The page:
Children are the most vulnerable to the effects of terrorism, armed conflict, internal strife or militarized violence.
It is estimated that tens of thousands are involved in at least fifteen conflicts around the world.
In the north eastern states of Nigeria, these children are forcibly recruited, abducted, tortured, abused and lured into non-state armed groups.
Torture seeks to annihilate the personality and denies the inherent dignity of the human being. Despite the absolute prohibition of torture under international law, torture persist the world over.
On 12 December 1997, by resolution 52/149, the UN General Assembly proclaimed 26 June the United Nations International Day in Support of Victims of Torture, with a view to the total eradication of torture and the effective functioning of the Convention against Torture and Other Cruel, Inhuman or Degrading Treatment or Punishment.
Resolution on children and armed conflict
In recognition of the vulnerability of children, various countries have, over the years, emphasized the need for a holistic legal approach to protect, fulfill and realize the fundamental human rights of children, as part of counter-terrorism efforts.
It was on this basis that the United Nations Security Council adopted the first resolution on children and armed conflict in 1999, which condemned six grave violations affecting them, such as killing and maiming, recruitment as soldiers, sexual violence, abduction, attacks against schools or hospitals and denial of humanitarian access.
A former military officer and an expert on international humanitarian law, Mr. Sadiq Shehu, said the country’s armed forces Act specified the minimum age for recruitment as 18 years, but non state groups who are not under the control of governments are violating this law.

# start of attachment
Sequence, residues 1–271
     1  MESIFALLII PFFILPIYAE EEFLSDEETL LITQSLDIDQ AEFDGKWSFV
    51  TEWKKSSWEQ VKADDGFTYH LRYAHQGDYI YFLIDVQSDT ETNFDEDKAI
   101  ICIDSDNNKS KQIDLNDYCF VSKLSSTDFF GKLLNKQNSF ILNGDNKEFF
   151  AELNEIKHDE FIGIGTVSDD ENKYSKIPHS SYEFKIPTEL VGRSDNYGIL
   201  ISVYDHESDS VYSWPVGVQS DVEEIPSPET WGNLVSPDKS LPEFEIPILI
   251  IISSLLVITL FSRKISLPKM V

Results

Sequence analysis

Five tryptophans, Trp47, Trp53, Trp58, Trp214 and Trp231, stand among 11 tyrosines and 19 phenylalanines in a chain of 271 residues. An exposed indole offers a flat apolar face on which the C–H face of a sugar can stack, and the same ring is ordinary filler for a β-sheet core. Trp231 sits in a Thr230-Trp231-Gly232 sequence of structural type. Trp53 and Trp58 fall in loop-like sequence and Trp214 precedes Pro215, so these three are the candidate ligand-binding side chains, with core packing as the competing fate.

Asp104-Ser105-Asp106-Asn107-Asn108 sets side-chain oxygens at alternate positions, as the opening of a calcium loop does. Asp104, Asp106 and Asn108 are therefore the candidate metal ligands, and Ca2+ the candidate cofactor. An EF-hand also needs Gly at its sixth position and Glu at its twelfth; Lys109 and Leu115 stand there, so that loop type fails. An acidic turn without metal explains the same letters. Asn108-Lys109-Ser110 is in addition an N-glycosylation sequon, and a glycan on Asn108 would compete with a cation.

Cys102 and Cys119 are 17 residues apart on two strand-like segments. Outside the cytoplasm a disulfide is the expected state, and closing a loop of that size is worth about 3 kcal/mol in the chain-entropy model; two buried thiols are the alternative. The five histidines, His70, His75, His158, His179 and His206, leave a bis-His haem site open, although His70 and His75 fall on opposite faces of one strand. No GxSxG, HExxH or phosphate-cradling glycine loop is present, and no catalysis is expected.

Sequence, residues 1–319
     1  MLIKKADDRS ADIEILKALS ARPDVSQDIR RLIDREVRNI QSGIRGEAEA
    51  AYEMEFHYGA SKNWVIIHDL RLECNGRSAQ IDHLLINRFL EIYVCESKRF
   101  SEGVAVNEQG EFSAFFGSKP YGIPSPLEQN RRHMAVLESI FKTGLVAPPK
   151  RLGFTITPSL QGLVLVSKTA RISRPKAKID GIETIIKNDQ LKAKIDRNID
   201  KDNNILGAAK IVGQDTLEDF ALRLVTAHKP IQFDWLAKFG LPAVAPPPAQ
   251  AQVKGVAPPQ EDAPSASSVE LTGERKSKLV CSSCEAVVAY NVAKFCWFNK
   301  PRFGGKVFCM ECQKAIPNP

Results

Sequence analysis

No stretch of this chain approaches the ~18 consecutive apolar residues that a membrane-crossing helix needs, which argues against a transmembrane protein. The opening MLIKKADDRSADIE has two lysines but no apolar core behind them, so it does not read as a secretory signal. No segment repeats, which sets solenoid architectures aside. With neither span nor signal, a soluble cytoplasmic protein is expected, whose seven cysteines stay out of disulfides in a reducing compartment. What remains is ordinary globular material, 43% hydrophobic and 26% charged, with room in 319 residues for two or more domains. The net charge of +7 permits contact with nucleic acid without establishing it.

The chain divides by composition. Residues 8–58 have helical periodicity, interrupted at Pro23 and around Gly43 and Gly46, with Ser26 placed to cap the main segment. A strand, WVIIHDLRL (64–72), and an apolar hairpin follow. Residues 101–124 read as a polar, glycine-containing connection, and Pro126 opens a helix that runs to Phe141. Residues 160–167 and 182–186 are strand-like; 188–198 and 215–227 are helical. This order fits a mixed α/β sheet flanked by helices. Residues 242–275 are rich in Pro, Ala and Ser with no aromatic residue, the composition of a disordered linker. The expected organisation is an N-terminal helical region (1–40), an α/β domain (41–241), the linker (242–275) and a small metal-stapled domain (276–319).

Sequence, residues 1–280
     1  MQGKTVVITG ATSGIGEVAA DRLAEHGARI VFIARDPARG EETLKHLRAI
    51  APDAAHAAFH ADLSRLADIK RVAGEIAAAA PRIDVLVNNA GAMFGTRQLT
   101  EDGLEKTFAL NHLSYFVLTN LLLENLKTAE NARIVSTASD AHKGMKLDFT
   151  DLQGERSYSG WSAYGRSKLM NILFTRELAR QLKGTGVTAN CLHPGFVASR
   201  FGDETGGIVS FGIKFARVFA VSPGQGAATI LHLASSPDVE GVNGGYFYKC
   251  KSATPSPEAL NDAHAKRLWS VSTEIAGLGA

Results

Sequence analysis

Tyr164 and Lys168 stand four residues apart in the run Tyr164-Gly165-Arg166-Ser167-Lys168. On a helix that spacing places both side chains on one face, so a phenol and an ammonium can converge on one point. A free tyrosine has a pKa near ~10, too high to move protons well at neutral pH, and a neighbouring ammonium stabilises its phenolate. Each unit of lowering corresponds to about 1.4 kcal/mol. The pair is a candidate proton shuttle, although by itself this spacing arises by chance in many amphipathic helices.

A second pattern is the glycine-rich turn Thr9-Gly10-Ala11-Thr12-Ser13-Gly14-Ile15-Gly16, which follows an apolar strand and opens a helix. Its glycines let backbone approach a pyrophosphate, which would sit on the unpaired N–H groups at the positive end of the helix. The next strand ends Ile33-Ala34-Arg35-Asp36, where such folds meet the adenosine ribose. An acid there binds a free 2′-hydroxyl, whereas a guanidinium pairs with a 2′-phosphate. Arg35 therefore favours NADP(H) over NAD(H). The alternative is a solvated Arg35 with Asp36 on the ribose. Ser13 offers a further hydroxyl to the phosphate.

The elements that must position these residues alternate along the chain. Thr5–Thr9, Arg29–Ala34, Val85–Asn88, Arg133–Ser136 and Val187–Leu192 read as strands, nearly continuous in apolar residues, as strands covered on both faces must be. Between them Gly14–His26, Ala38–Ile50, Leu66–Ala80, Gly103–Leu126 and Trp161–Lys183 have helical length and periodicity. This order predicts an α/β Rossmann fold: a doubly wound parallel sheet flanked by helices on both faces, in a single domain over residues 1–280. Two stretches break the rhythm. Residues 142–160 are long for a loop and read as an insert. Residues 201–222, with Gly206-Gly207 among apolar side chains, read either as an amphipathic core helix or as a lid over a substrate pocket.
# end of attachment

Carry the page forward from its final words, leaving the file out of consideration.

To end terrorism in Nigeria, which has killed tens of thousands and displaced millions of persons, a former prosecutor of the International Criminal Court, ICC, Fatou Bensouda, released a statement on the 11th of December, 2020, that the ICC was working with the Nigerian judicial system to investigate murder; torture; conscripting and enlisting children under the age of fifteen years into armed forces and using them to participate actively in hostilities; persecution on gender and political grounds and other inhumane acts.
An Abuja based Human Rights Lawyer , Mr. Maxwell Okpara, said tackling banditry and insurgency would end the use of children in armed conflict.
“The judiciary to be thorough in prosecuting suspected terrorists rather than taking hasty decisions to declare them repentant”.
The United Nations International Children’s Emergency Fund, UNICEF, in its role of monitoring and reporting mechanism on grave violations against children, worked with the Nigerian authorities to develop an Action Plan for a local militia, Civilian Joint Task Force, CJTF, formed in 2013, in Maiduguri, to support the Nigerian security forces in the fight against Boko Haram.
The UNICEF Chief of Maiduguri Field Office, Ms. Phuong Nguyen, said 4,246 children were verified to be allegedly recruited by non state armed groups and listed in the rank of CJTF in the North East.
She also stated that UNICEF with the support of the Borno State Ministry of Women Affairs and Social Development, had secured the release of over 2000 children from the administrative detention of the security forces.
“We ensure that that these children receive their prompt centre base interim care as well as community base reintegration to help recover their lost childhood.”
When Radio Nigeria sought permission to interview some of the rehabilitated children, Ms. Nguyen said they would not be in the right position to speak because of the torture they experienced while in captivity.
Today is an opportunity to remind ourselves and to call on UN Member States, civil society and individuals to unite in support of the hundreds of thousands of people, especially children, around the world who have been victims of torture and those who are still being tortured.